I’ve long believed that most of us — if we were given exactly our way — would become unmitigated train wrecks. As we pursued our agendas completely unfettered by opposition, we would alienate friends and family. We would drive trusted advisers into exile. And we would find that many of the plans in which we have absolute faith are deeply flawed, and we would have been better off if someone had curtailed our impulses to act on them.
I mention this because President Trump has lately been waging war on his own cabinet, driving out every adviser who tries to, you know, advise instead of just agreeing. This could prove disastrous — for Republicans, for the country and, most of all, for Donald Trump himself.
Why? Three reasons.
First, no one knows everything. I have met loads of terrifically smart people, and the smartest are not those who insist on being right but those who can quickly see when they are wrong. They listen to others who disagree. They seek out opposing views. And through this process, while not giving up their right to decide, they expand their ability to make wise decisions.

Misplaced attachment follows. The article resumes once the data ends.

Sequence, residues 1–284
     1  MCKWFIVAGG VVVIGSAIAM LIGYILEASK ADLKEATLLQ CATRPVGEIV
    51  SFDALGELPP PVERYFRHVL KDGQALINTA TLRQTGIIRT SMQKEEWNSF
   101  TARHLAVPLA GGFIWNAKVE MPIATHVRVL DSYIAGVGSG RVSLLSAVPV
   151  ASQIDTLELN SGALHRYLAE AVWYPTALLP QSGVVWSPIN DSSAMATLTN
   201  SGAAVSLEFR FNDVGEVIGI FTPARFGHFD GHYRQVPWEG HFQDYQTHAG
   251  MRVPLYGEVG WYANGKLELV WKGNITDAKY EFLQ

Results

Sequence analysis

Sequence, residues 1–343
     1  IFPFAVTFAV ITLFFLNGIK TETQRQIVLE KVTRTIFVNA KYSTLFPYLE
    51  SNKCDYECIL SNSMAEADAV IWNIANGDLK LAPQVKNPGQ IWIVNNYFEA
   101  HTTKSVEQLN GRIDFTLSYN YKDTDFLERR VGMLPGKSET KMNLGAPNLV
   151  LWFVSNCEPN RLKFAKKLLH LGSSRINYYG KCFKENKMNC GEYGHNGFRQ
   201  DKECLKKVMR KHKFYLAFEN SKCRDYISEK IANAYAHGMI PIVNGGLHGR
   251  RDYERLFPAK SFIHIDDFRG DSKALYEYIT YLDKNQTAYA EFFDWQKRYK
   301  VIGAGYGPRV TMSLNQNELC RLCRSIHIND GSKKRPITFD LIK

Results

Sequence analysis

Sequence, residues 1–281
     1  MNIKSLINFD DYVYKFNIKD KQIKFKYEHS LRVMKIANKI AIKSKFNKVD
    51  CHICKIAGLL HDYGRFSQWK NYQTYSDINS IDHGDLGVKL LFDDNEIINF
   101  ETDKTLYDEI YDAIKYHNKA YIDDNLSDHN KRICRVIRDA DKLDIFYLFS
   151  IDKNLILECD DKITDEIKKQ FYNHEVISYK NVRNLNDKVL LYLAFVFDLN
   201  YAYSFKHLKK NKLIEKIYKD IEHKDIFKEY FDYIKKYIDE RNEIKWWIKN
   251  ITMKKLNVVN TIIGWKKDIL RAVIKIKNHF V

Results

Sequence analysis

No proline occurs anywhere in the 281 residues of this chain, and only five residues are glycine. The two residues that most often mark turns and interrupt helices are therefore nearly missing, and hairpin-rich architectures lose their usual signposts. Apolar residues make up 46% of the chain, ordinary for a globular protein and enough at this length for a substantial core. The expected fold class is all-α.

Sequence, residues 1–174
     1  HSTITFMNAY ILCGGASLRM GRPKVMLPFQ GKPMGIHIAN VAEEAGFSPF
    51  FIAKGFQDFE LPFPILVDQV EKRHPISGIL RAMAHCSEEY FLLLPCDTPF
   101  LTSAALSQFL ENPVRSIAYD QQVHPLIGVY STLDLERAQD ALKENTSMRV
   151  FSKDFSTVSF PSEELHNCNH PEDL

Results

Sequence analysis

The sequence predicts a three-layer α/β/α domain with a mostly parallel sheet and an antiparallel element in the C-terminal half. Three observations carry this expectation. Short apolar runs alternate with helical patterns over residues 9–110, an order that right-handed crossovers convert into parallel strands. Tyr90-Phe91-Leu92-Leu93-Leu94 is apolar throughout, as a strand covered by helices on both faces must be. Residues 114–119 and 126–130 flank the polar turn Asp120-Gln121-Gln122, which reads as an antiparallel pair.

Second, when you get rid of everyone who challenges you, you are left with something far more dangerous: people who only agree. This is satisfying in the moment, because who doesn’t want to be told he or she is right? But in such an environment, an emperor can quickly be found with no clothes on Pennsylvania Avenue.
And third, when you draw every decision entirely to yourself, you make it exceedingly easy for your foes to blame you when something goes wrong. Strong cabinet members who can voice their opinions, especially when they are not in lockstep, can help protect a president from his worst impulses and absorb the cannon fire when a plan goes awry.
To be fair, every president dislikes being told he is wrong. But historically, they’ve all learned dissenting voices are essential to success and survival. And while President Trump may hate the idea of anyone pushing back on his plans, he will ignore that lesson at great peril.